Kirkus Reviews QR Code
TILT by Elizabeth Burns


by Elizabeth Burns

Pub Date: March 1st, 2003
ISBN: 1-4022-0041-2
Publisher: Sourcebooks Landmark

Blow-by-blow account of a woman’s struggle to keep her sanity despite an autistic daughter and bipolar husband: a debut that tries to be both an issue-novel and an exploration of selfhood.

Narrator Bridget Fox is not a happy camper. A New Yorker by upbringing and inclination, she has recently moved to Minneapolis because her sculptor husband, Pierce, has a tenured teaching position there. Stuck in what she considers the boondocks caring for her two daughters, two-year-old Cleo and almost five-year-old Maeve, Bridget must watch from afar as her cousin/best friend Nessa dies of breast cancer and her brilliant and beloved if alcoholic father—as opposed to her distant, utterly sane mother—succumbs to kidney cancer. Meanwhile, Maeve’s development isn’t on track. She doesn’t talk or play normally and soon is diagnosed as autistic. Still grieving over the deaths, Bridget schleps Maeve to special classes, follows medication procedures, cleans up after her. Everyone tells Bridget how well she’s holding up, but she describes in detail just how scared and ambivalent she actually feels. The reader is never allowed to forget that this woman has had horribly bad luck. To top it off, Pierce turns out to be manic-depressive, requiring hospital stays and more medication-scheduling. Bridget joins a support group and almost takes up again with her first husband. Her mother drops in and offers unexpected solace. Maeve becomes only harder to handle while Cleo blossoms. Pierce ends up in the emergency ward. Bridget copes—until suddenly she can’t anymore and downs sleeping pills. Now she’s the one in the hospital coming to grips with her suppressed anger (as if she hasn’t been expressing it loudly all along) and with the need to place Maeve in a facility. Rising to the occasion, Pierce takes over at home. Bridget recovers. Maeve is placed. A shaky stability arrives.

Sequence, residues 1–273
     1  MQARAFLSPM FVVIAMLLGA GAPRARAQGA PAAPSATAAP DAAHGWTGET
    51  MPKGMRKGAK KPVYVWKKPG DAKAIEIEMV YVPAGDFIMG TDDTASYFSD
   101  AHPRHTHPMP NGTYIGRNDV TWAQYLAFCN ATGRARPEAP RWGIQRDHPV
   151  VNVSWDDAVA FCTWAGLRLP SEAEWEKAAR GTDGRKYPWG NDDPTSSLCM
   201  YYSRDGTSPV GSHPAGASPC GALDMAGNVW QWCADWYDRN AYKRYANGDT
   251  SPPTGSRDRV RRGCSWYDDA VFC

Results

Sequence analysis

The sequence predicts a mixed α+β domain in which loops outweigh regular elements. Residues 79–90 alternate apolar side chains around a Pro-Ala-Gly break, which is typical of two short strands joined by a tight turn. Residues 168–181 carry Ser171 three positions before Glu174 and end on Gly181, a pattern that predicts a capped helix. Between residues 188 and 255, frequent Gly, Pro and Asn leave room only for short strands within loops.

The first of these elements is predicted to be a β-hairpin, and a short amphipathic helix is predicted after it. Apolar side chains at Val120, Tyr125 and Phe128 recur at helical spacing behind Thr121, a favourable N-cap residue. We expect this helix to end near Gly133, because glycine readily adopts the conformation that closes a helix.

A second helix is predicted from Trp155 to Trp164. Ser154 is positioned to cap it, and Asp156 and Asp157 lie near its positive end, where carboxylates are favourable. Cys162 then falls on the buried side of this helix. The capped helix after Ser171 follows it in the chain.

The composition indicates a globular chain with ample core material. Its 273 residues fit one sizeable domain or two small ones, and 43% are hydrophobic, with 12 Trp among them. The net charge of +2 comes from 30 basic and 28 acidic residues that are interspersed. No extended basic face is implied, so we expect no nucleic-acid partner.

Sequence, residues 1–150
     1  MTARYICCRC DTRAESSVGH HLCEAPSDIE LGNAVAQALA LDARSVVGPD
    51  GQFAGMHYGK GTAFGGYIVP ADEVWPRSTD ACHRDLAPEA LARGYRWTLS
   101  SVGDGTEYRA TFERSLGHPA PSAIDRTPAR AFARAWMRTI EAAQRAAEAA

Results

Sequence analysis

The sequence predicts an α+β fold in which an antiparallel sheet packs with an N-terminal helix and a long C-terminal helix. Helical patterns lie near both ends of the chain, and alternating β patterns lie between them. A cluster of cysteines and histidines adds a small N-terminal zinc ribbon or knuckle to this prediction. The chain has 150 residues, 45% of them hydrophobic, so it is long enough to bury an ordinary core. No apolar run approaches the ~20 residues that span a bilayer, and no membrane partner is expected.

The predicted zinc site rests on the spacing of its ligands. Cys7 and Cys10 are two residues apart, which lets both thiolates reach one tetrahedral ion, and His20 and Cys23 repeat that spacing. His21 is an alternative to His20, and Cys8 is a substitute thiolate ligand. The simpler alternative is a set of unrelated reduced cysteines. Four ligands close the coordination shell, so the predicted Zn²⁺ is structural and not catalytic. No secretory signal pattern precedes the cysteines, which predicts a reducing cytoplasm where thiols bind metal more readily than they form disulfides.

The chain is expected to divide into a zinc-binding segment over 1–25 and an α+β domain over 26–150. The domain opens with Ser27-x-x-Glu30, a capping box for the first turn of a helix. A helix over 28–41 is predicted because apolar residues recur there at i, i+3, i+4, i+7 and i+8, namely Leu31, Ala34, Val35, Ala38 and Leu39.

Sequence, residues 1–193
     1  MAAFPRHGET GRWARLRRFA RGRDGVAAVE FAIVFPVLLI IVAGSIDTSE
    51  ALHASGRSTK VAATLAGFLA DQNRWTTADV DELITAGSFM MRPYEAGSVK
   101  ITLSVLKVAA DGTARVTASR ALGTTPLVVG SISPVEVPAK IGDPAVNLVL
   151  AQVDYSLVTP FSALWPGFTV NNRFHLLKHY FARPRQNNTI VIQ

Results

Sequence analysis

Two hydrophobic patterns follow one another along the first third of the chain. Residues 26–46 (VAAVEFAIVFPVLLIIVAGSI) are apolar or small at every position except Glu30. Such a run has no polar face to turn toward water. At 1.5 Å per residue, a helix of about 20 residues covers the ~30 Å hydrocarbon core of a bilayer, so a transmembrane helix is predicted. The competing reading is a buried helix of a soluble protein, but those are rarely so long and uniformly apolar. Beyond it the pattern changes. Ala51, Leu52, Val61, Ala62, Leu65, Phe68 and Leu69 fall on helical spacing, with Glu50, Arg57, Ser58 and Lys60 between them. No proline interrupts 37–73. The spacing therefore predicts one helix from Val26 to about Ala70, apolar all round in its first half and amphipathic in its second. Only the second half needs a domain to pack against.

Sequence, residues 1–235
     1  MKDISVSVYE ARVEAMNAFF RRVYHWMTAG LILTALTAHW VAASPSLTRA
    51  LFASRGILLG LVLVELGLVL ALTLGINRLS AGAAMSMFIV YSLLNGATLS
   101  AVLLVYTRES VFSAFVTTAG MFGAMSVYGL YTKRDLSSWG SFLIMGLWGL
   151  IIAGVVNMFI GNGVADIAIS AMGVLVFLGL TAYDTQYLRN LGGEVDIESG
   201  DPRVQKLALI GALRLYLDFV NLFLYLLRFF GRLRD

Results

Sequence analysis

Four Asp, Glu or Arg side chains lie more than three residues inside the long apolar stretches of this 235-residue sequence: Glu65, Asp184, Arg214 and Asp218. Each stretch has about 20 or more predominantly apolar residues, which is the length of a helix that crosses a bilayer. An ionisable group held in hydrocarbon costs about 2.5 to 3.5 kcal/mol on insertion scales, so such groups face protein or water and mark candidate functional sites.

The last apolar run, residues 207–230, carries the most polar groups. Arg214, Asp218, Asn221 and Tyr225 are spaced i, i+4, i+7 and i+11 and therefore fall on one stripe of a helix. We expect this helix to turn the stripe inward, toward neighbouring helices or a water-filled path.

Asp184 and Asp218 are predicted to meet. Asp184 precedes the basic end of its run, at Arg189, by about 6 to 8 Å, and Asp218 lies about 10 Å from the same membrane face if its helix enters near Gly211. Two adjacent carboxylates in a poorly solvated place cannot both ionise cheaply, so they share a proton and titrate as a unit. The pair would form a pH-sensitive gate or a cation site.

Excessive navel-gazing and self-pity get in the way of the sharp observations and sense of humor that newcomer Burns displays.